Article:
Lumbar Stenosis Surgery: Dr. Jho's Endoscopic Decompression via Microforaminotomy
Dr. Jho's Minimally Invasive Lumbar Stenosis Surgery, Endoscopic Decompression via Microforaminotomy for Lumbar Stenosis
Professor & Chair, Department of Neuroendoscopy
Jho Institute for Minimally Invasive Neurosurgery
Conventional surgery for lumbar stenosis has been posterior total laminectomy. However, posterior total laminectomy can weaken the structural integrity of the spine. Thus, patients can develop postoperative chronic back pain even if they experience successful relief of their leg symptoms. Especially elderly osteoporotic patients may not tolerate anatomical disruption caused by conventional total laminectomy. Recently more aggressive surgical strategy has been developed with bone fusion and metal bolt implantation. In a belief that spine surgery has to be anatomy-preserving, function-maintaining minimally invasive surgery, Dr. Jho has developed a minimally invasive endoscopic decompression surgery for lumbar stenosis. Surgery involves a small skin incision at the lumbar region, the placement of a small trocar, endoscopic foraminotomy as an entry to the narrowed spinal canal, and widening of the narrowed spinal canal through a endoscopic foraminotomy hole. Unlike the conventional laminectomy surgery, most posterior spinal structures are well preserved in order to minimize postoperative weaking of the spine. Multiple level surgery can be performed if required.
Figure 1. Dr. Jho's endoscopic decompression
A 1.5 cm trocar is placed via a 2-cm skin incision at the lumbar area (upper photograph). A small foraminotomy hole is made at a stenotic segment of the lumbar spine. Through this small foraminotomy hole, the stenotic spinal canal is enlarged bilaterally (a schematic drawing). The operation can be performed at multiple levels. This anatomy-preserving surgery minimizes surgical impact to the spine. Unlike conventional laminectomy surgery, the spinal integrity (including the anatomy and function) is preserved with this endoscopic surgery. This functional lumbar stenosis surgery does not require bone fusion or metal plate implantation. Thus, surgical recovery is fast. In particular, the minimally invasiveness of this surgery enables elderly patients to ambulate soon after surgery.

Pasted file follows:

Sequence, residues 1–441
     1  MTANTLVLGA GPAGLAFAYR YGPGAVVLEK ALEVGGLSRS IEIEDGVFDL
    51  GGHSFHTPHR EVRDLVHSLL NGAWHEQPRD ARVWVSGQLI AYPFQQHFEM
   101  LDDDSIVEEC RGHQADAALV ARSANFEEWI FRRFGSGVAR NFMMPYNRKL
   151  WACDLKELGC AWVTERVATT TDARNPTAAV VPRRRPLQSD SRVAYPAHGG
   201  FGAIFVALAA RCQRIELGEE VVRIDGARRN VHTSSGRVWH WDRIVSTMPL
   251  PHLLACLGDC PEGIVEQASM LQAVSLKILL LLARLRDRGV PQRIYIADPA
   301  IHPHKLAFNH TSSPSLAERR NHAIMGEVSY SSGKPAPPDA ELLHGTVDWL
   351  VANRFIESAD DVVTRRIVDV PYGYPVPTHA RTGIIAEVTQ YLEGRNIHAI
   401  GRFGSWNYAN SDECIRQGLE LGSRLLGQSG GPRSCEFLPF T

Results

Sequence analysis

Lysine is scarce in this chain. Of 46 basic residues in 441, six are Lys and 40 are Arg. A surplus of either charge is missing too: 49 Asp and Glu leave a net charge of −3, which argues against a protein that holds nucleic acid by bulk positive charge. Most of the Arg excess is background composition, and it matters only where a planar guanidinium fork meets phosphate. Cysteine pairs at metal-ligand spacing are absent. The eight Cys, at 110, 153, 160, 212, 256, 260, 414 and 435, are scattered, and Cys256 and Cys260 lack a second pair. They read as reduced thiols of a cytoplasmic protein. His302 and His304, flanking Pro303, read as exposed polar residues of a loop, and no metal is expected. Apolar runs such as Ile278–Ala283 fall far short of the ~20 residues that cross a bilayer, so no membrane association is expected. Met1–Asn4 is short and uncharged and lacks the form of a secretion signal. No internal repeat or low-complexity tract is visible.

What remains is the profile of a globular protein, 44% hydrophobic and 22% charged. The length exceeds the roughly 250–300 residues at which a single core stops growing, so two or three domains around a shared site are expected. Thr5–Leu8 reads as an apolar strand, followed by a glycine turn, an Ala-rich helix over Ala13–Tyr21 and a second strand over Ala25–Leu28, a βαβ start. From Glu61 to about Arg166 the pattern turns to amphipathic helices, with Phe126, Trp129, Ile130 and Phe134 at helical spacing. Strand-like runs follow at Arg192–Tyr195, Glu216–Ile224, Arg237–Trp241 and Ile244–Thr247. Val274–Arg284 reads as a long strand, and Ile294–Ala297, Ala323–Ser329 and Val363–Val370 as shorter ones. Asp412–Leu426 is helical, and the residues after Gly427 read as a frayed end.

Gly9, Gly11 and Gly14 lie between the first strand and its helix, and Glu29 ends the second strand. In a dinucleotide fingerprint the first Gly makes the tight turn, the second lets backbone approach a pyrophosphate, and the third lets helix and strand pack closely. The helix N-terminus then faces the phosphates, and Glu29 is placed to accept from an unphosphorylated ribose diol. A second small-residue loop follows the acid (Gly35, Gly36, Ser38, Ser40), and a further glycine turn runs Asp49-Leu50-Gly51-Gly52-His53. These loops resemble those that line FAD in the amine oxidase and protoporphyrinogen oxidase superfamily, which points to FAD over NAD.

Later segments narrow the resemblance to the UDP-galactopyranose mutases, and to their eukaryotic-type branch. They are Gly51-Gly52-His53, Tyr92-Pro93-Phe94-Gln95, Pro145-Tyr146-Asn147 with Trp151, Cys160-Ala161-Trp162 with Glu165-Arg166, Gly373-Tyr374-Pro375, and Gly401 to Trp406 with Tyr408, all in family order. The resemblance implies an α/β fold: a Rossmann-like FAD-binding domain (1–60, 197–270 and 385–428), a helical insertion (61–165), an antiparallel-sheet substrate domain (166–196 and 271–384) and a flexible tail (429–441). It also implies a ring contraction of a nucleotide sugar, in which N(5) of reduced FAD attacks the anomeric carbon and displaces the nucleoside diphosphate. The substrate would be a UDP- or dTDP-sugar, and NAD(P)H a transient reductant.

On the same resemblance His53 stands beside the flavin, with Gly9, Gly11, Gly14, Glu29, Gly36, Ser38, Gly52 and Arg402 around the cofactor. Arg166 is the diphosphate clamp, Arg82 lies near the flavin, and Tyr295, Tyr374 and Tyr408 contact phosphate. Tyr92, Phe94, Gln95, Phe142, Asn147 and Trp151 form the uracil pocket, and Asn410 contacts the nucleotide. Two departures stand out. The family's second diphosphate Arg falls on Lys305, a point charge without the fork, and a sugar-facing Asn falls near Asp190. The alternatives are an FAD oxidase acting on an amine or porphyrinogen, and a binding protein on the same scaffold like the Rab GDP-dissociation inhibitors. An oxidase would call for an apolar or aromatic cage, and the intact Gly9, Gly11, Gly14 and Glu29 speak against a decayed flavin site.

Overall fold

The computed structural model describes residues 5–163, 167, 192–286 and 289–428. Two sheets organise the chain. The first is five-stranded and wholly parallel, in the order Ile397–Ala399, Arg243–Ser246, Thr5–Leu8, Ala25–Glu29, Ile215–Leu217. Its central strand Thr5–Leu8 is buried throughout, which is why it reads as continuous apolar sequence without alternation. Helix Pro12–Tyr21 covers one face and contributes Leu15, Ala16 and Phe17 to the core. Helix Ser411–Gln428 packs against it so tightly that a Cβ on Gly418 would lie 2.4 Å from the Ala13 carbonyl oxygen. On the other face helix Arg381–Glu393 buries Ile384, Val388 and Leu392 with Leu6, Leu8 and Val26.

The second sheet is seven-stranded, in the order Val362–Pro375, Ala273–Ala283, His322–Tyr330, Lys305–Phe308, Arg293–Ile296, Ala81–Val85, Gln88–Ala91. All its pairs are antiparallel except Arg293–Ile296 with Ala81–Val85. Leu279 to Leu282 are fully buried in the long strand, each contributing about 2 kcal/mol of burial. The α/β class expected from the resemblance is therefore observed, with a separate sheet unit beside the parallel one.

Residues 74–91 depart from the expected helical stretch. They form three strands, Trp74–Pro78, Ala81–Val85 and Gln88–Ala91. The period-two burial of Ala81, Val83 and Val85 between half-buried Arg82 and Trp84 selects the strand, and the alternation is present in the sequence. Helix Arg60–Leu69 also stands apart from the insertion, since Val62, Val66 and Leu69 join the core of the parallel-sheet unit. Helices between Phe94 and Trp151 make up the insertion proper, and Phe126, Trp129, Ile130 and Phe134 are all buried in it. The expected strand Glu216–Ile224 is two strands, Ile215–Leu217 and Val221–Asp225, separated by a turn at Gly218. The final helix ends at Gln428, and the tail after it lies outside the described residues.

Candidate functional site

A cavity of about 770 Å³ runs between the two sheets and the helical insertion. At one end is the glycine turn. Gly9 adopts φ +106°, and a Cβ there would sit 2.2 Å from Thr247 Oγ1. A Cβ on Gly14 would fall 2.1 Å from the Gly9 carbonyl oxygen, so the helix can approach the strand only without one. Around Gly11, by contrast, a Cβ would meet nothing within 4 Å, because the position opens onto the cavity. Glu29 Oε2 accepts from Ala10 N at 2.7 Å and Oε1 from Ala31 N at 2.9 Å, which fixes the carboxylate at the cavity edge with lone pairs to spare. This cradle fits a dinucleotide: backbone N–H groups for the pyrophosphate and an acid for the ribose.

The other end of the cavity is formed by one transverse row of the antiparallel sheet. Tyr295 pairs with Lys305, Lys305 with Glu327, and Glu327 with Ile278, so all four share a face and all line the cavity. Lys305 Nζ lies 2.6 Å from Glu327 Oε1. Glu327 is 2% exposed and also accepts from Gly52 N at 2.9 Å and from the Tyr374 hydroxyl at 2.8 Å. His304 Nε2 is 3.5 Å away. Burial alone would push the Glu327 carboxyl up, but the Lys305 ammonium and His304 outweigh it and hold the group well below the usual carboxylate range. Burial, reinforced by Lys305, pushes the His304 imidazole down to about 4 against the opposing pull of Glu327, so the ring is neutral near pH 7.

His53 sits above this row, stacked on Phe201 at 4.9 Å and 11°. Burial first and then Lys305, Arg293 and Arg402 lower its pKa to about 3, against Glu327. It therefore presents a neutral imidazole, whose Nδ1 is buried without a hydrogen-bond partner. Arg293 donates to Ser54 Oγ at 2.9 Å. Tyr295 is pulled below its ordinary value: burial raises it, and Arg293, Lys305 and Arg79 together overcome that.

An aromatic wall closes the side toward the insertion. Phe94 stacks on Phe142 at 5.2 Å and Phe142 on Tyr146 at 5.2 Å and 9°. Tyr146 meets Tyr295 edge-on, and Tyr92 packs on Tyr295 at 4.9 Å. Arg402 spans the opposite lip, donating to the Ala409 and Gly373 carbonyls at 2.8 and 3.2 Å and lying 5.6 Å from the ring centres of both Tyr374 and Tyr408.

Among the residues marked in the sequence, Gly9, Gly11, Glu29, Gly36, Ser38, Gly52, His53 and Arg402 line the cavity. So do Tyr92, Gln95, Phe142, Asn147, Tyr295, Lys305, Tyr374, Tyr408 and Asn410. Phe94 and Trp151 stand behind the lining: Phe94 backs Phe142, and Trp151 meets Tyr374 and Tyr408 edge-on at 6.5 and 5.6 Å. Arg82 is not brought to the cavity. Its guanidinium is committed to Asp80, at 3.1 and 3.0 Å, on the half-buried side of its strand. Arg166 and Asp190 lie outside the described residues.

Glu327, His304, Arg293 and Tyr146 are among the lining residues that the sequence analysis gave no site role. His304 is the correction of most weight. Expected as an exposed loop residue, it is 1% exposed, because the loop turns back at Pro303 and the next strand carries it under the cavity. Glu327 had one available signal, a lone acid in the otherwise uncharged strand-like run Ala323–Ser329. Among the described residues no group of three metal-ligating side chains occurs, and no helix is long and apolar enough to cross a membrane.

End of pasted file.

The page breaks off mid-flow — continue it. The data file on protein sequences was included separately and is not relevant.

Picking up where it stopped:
A: B: C: D:
Figure 2. MR scans, axial (A) and sagittal (B) views, in an elderly patient with neurogenic claudication reveal stenosis at L3-4 and L4-5 preoperatively. The patient underwent endoscopic decompression at both levels. Postoperative MR scans, axial (C) and sagittal (D) views, demonstrate wide decompression bilaterally at the spinal canal.
Pathoanatomy of lumbar stenosis
Lumbar stenosis is a condition in which the spinal canal (where spinal nerves pass) is narrowed and causes symptoms by compression of the spinal nerves. It can be subdivided into congenital stenosis and acquired stenosis.
Congenital stenosis can occur with particular diseases; however, it can also occur in the general population (who do not have any particular disease conditions). Some people are born with a relatively narrow spinal canal. They may remain asymptomatic until a minor degenerative process causes further narrowing of the spinal canal.
Acquired stenosis is the second and most common type, which is due to degenerative changes. With degeneration of the disc, the height of the disc decreases while the width of the disc increases, accompanied by protrusion of the disc and bone spur formation at the edge of the vertebrae. The facet joints, which are the two sliding articular joints at the posterior portion of the spinal motion unit, develop arthritic changes that consist of bone spur formation and overgrowth of the joint capsule. Narrowing of the spinal canal (lumbar stenosis) occurs with the combination of changes in the disc and facet joints.
Symptoms of lumbar stenosis